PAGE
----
World War Two played a lot of roles in history. It shaped the face of the globe, it changed the way nations viewed war and brought about many technological advances.
Some advances, such as radar, would have uses outside of war, but many developments would be used purely for war.
Guns were improved, tanks grew stronger, and the ultimate game-changer, the A-bomb, would bring about only destruction.
The war was a time of experimentation with different types of offensive and defensive weapons. Many strange or ineffective weapons were developed on both sides in the hopes of gaining an advantage against their foes.
This was a time where scientists on all sides were provided with tremendous resources and opportunities to dig into all sorts of research, with the purpose of bringing ruin to the enemy forces.
For the United States, one strange and ill-fated weapon would come to be known as the bat bomb. While it might sound like a weapon utilized by Batman in the 1960s, the bat bomb’s purpose was to weaponize bats against the Japanese.
The scheme was complicated, strange, and cooked up by a dentist by the name of Lytle Adams.
Lytle was not a military man. He was a dentist from Pennsylvania who had a stroke of inspiration. Bats were nocturnal creatures and capable of carrying more than their own weight.
Since these creatures often traveled together in large groups and would hide from plain sight during the daytime, utilizing them as weapons of war had some merit.
He concocted an idea where bats would carry explosives with them and when they reached strategic targets, they would drop their payload, starting fires that would quickly ravage the area.
Unlike inventors who often have great ideas but no one to pitch them to, Lytle had a serious connection: Eleanor Roosevelt.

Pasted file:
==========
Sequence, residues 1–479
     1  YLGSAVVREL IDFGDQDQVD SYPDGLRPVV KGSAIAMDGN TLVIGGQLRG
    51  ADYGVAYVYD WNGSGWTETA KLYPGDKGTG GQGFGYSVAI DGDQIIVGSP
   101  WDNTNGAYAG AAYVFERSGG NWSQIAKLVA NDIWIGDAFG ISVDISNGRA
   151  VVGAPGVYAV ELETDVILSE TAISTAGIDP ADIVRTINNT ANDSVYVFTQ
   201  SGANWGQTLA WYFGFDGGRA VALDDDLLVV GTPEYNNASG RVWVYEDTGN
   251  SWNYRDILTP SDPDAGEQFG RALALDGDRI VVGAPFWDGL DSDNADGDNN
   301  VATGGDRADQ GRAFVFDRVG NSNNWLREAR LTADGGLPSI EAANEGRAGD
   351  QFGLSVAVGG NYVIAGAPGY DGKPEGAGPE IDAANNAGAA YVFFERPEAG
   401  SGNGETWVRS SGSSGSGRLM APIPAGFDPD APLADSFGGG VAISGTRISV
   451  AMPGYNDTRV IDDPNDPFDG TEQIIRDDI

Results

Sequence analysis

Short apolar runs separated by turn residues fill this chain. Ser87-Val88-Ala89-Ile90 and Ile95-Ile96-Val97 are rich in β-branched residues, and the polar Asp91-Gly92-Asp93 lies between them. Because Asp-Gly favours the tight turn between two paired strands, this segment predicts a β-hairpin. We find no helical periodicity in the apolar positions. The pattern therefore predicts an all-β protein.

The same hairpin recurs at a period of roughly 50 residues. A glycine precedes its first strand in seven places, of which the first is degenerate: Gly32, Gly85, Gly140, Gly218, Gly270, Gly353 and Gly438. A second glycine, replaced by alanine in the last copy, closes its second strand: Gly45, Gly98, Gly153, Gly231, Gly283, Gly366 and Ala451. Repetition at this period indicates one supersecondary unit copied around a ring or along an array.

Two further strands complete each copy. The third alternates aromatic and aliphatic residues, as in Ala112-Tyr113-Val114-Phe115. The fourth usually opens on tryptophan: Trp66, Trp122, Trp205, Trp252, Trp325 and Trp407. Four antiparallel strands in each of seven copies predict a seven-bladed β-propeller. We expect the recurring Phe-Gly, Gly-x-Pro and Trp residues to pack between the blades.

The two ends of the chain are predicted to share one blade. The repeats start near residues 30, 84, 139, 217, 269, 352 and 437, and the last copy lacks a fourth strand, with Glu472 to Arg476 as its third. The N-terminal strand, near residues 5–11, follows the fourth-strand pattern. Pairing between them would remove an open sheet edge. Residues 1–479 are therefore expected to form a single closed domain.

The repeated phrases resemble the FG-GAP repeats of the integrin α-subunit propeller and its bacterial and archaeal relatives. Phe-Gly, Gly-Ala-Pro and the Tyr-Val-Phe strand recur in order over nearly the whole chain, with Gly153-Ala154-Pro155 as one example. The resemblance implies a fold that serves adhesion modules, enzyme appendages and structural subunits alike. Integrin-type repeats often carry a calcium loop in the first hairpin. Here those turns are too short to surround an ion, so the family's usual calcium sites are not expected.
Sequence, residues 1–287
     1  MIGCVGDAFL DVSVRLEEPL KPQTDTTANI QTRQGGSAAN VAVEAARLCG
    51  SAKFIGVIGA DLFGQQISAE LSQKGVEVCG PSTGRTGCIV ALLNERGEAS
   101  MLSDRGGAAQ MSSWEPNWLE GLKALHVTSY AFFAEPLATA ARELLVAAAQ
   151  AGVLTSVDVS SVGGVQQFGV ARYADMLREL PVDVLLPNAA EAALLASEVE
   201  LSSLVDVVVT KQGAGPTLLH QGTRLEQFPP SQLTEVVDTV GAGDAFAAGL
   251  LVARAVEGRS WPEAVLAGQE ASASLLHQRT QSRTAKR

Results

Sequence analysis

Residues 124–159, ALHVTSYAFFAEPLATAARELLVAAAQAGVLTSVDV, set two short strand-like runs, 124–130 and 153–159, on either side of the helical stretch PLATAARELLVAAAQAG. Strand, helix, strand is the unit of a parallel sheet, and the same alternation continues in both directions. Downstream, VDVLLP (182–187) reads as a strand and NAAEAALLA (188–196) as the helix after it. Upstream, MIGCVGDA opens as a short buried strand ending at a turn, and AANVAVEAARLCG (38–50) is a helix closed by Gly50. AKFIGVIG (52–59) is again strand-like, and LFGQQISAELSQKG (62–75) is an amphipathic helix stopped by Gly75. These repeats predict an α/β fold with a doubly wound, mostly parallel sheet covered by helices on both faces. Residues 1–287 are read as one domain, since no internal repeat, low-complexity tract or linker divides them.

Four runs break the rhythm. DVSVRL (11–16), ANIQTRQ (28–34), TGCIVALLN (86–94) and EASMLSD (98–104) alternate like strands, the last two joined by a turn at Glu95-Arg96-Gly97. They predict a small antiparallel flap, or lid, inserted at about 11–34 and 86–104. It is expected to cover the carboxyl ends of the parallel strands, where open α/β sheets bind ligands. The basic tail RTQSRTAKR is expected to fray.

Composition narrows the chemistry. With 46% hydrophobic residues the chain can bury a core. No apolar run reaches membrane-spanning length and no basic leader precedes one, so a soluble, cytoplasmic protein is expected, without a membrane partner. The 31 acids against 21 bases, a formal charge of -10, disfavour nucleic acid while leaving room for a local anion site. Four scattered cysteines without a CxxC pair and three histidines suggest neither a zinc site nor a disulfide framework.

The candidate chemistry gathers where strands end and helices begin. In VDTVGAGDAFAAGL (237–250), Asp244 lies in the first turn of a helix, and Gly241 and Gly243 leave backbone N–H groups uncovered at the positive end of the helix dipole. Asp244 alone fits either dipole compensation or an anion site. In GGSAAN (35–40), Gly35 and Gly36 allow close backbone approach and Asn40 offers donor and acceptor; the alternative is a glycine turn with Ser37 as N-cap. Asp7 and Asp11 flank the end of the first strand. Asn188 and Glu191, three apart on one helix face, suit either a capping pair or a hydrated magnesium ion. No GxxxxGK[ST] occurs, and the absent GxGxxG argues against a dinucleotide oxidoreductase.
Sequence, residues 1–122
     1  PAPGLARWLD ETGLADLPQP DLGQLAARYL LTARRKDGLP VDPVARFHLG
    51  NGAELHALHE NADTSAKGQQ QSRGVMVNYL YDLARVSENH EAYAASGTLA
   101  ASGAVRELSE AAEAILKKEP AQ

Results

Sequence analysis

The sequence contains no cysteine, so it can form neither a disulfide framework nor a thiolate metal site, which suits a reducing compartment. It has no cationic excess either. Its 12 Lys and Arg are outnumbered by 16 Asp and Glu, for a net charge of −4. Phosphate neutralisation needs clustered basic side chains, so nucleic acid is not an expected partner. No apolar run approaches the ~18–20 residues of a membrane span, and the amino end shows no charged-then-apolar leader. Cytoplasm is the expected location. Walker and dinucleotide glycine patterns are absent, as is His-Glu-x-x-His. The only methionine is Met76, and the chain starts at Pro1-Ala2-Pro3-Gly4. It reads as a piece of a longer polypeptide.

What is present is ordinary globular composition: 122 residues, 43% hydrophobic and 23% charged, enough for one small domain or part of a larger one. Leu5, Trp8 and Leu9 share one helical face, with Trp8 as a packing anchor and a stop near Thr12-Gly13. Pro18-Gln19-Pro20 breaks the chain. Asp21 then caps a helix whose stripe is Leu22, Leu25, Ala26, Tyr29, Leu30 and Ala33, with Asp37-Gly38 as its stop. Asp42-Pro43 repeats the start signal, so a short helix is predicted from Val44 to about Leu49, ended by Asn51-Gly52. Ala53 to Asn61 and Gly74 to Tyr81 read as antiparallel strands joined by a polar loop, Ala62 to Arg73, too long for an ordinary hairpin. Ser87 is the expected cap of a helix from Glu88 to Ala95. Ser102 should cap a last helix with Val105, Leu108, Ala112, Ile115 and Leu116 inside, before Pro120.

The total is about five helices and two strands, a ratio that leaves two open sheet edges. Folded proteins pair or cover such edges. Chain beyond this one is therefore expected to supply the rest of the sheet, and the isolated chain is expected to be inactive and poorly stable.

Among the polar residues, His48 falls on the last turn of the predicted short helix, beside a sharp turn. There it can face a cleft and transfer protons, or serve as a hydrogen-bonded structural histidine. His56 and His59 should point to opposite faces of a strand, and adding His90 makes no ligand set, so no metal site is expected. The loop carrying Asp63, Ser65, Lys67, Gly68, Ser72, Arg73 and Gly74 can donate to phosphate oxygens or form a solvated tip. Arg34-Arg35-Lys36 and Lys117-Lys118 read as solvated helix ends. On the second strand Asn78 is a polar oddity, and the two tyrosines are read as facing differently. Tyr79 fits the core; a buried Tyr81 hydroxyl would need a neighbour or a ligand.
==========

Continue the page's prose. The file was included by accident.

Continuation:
He was a friend of hers and through her, he was able to get his idea in front of the military brass–as well as President Roosevelt.
Surprisingly, the idea was accepted, and development of weaponized bats began. The project was dubbed Project X-Ray. By 1943, Louis Fieser, the man who had developed military napalm, set about designing bombs that could be carried by the bats.
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These small incendiary bombs were light enough for a bat to carry and would reliably start fires. The bats would be placed in a state of hibernation, induced by cooling the animals down enough to put them to sleep.
In their hibernating state, they did not need to consume food, which meant they could be shipped easily. A container would open up, releasing the bats all at once, allowing them to swarm over their target, releasing their payloads.
Initially, the tests of the project were promising. Using Mexican free-tailed bats, a test run proved that the concept was viable enough to continue developing.
Although the idea was crazy and many who were working on the project acknowledged the strangeness of what they were doing, there was an attitude that X-Ray would succeed.
Live testing was a different matter altogether. With the United States Army overseeing the weapons testing, a colony of bats were given small doses of napalm and were being readied to test in a live demonstration, when for some reason they were released early.
The bats set fire to the entire testing facility at Carlsbad Auxiliary Air Base in New Mexico, burning down a hangar as well as the overseeing General’s car.
Perhaps this could have been seen as proof that the bats worked, but there were other problems. The weapon development process was painstakingly slow.
By the end of 1943, the Marines were in charge of the project and over $2 million had been spent on Project X-Ray. The weaponized bat project was cancelled, however, due to growing interest in the atomic bomb.
With projections of the weapon not being operational until 1945, interests were placed on faster methods of ending the war. The project was deemed a failure and was quietly discarded.
The inventor, Lytle Adams, still believed that if military development had continued, his weapon would have been able to devastate Japanese infrastructure, while minimizing casualties. Lytle himself would go on to continue his career of inventing and the war would come to an end in 1945, when America dropped the atomic bomb on Nagasaki and Hiroshima.
Even if Lytle’s project hadn’t been sidelined, it’s doubtful the bats would have even been used.
Andrew Pourciaux is a novelist hailing from sunny Sarasota, Florida, where he spends the majority of his time writing and podcasting.